On Sept. 9: T.L. contacted the informant and told him that associates from Illinois were in Dallas and that they were interested in buying five kilograms of cocaine. T.L. said that the buyer had $50,000 and asked that the informant hand over a kilogram of cocaine and be paid later.
T.L. identified Hurd as the buyer and said that he wanted to meet the informant but he was unavailable because of NFL obligations. T.L. did say that Hurd's cousins were available to complete the transaction.
On Dec. 5: T.L. spoke with the informant and made it known that Hurd wanted a meeting in order to discuss future business.
On Dec. 6: The informant met with T.L. at Firestone Auto Care in Coppell, Texas, where he said that Hurd wanted to meet. T.L. then handed the informant a telephone during which Hurd said he will send associates to Dallas to buy cocaine.
Hurd wanted the informant to travel to Chicago.
T.L. also reiterated that they can complete the narcotics transaction at Firestone.
T.L. told the informant that Hurd made $4 million a year from his Bears contract and assured him that his money would be ready.
T.L. also mentioned that Hurd had a previous drug connection that would provide him narcotics valuing between $100,000 and $200,000 weekly.
Dec. 7: The informant was given Hurd's number.
Dec. 8: The informant called Hurd and told him that the five kilogram of cocaine he wanted wouldn't be available. Hurd said he was ready to ask for another week anyway and that he was interested in setting up a continuing business with the informant. The informant then told Hurd he will be in the Chicago area in a few weeks. Hurd in turn said that he would be interested in meeting to negotiate price, quantities and a long-term relationship.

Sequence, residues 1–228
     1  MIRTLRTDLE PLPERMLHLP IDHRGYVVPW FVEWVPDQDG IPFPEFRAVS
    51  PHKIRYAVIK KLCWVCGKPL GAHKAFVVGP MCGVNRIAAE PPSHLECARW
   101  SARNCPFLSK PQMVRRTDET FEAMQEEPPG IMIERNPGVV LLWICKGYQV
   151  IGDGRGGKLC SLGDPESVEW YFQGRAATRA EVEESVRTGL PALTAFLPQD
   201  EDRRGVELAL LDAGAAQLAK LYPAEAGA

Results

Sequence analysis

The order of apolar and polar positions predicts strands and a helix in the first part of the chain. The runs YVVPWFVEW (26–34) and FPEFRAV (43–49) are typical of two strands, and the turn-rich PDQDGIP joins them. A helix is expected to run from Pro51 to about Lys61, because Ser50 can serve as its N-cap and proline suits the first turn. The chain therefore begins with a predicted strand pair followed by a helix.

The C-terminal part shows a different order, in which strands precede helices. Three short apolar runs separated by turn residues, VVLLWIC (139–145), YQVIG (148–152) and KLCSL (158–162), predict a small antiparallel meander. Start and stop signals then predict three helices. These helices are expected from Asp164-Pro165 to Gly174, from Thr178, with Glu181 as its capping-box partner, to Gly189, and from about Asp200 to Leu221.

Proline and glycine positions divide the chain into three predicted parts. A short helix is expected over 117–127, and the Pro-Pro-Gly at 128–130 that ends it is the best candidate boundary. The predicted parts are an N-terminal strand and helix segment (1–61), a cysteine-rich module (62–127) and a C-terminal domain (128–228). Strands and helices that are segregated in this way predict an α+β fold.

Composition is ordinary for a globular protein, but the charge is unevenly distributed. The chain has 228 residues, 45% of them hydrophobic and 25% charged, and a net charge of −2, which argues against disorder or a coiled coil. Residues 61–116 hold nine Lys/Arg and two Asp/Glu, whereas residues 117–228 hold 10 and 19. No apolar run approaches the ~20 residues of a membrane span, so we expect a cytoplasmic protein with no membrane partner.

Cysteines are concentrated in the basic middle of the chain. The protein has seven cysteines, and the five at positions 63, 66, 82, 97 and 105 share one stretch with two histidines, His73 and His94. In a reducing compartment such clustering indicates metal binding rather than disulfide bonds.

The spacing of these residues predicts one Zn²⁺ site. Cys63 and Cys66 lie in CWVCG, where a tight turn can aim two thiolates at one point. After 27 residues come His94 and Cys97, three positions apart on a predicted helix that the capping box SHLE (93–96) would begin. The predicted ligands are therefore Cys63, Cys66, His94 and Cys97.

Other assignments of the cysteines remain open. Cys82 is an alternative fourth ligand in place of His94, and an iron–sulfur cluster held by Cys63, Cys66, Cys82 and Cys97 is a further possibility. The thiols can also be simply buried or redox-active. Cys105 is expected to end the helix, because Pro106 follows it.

Dec. 14: At around 7 p.m. Hurd met with an undercover agent at a restaurant on West Bryn Mawr Avenue in Chicago. Hurd introduced himself to the agent as Sam and said that he was interested in buying five to 10 kilograms of cocaine and 1,000 pounds of marijuana per week for distribution in Chicago.
Hurd said he would pay $25,000 per kilogram of cocaine and $450 per pound of marijuana. Hurd also said the he and others currently distribute four kilograms of cocaine per week in Chicago. However, the supply of that source couldn't keep up with the quantity, Hurd said, adding that he is the one who focus on the higher-end deals.
Hurd also asked if the informant and the undercover agent could provide Mexican cell phones because he believed law enforcement didn't possess the capability to listen to Mexican telephone.
Hurd also told the informant and the undercover agent that he had lost money in Dallas through T.L., which couldn't be associated with him.
After the negotiation, the agent gave Hurd the cocaine and he took it.
Hurd told the agent that he will get out of practice at 5:30 p.m. and that payment will then be made the cocaine. Hurd then left the restaurant with the cocaine, placed the bag into his vehicle and was arrested by law enforcement.
The agent said that there is probable cause that Hurd and others possess with the intent to distribute 500 grams or more of a mixture or substance containing a detectable amount of cocaine.
You can view the complaint here.
Laura is a U.S. politics reporter for the International Business Times. She was always fascinated by the BBC World News each morning on the radio in Jamaica. That, and a love...